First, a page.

Good morning, CivMixers. Somehow we muddled along, and made it to another Friday.

On this day in 1789, the First Congress of the United States proposed 12 amendments to the Constitution and sent to the states for ratification, which went on to become the Bill of Rights.

For all the time we spend these day venerating the Constitution, it’s interesting to note that there was a real battle over the document back in the day.

Not everyone in the new country was on board with the idea of small-d democracy government.

An Anti-Federalist named George Mason fanned the flames of dissent with a pamphlet (kind of like the viral social media post of his day), arguing in favor of adding a list of rights for the people. (Mason was actually one of three delegates who refused to sign the Constitution on Sept. 1787 specifically BECAUSE it lacked a BIll of Rights).

James Madison was among the dissenters who said that the document was fine just the way it was.

What changed the mind of Madison and his fellow Federalists was the possibility that ratification of the state of Massachusetts was called into question as a result of the Anti-Federalists’ opposition. And thus, the Bill of Rights was born, and, in true American style, we’re still fighting over it today – particularly the Second Amendment, which speaks the to “right to bear arms.”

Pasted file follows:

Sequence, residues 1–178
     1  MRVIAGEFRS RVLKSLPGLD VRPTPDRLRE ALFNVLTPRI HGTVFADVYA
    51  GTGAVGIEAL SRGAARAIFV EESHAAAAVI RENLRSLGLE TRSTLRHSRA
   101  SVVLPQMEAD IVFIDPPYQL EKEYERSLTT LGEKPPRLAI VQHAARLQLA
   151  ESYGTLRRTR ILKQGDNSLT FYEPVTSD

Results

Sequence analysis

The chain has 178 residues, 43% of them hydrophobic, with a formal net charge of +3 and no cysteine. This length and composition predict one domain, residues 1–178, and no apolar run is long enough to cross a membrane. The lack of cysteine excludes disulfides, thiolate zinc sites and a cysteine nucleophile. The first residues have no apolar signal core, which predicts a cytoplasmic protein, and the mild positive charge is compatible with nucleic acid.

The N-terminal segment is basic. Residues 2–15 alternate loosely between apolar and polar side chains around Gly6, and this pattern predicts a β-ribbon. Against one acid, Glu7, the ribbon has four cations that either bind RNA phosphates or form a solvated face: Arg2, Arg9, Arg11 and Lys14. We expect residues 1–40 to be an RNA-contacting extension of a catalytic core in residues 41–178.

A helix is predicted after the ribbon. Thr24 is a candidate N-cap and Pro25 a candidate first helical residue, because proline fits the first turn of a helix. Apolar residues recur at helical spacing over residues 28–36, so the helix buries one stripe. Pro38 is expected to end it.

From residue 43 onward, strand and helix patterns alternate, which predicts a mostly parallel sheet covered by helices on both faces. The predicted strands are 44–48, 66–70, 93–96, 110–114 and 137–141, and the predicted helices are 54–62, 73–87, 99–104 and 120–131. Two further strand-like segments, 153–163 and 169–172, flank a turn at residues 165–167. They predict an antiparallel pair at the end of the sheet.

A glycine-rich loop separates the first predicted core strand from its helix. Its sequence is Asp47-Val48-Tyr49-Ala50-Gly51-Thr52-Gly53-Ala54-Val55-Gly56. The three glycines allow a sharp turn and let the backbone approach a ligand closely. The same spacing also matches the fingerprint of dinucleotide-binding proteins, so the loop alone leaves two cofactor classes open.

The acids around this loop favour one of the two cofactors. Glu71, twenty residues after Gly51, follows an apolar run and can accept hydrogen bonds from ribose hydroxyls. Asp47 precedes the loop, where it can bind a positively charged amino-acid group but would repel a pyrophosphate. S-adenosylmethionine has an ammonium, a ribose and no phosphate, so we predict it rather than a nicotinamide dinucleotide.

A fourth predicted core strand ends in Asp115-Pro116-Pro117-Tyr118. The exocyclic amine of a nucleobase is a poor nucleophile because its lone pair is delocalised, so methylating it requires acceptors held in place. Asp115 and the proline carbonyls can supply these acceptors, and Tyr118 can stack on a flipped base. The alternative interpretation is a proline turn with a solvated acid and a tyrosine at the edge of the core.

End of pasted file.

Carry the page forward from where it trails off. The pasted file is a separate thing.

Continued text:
There were actually 19 rights included in the document that Madison drafted – in New York City, by the way – but that got whittled down to 12, two of which the state’s rejected.

The first rejected idea dealt with apportioning representation in the House; the second prevented members of Congress from voting to change their pay until the next session of Congress (this was eventually added as the 27th Amendment, more than 200 years later).

The 10 amendments that are now known as the Bill of Rights were ratified on Dec. 15, 1791, and thus became part of the Constitution.

There are a bunch of made-up holidays occurring today – including one celebrating the quesadilla, and another commemorating comic books.

I hope you haven’t packed your shorts away just yet, because we might well hit 80 degrees today – at the very least, we’ll be in the high 70s, with morning clous giving way to generally sunny skies. And the weekend is looking flat-out fabulous. Soak in that Vitamin D while you can.

In the headlines…

U.S. Senate Majority Leader Mitch McConnell led a parade of Republicans seeking to calm widespread outrage over President Trump’s refusal to commit to leaving office peacefully if he loses the election.

“The winner of the November 3rd election will be inaugurated on January 20th,” McConnell wrote on Twitter. “There will be an orderly transition just as there has been every four years since 1792.”

As he was leaving the White House yesterday for an event in North Carolina, Trump again questioned the integrity of the election, saying: “We want to make sure the election is honest, and I’m not sure that it can be. I don’t know that it can be with this whole situation—unsolicited ballots.”